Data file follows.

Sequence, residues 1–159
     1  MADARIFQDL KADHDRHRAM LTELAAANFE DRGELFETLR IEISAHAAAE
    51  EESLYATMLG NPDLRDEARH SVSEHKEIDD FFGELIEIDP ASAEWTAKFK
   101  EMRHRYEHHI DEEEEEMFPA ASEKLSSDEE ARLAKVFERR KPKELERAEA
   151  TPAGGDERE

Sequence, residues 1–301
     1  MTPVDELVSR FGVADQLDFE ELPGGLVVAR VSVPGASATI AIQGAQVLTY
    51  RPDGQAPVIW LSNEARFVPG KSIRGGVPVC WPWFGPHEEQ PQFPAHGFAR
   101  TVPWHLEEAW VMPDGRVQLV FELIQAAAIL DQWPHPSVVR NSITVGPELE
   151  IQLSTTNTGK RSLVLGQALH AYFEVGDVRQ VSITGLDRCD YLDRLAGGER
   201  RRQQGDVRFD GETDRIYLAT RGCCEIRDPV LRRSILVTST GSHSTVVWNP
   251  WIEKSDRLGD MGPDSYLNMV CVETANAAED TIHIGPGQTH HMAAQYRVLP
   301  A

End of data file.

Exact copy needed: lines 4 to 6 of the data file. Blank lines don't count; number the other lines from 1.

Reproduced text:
   101  EMRHRYEHHI DEEEEEMFPA ASEKLSSDEE ARLAKVFERR KPKELERAEA
   151  TPAGGDERE

Sequence, residues 1–301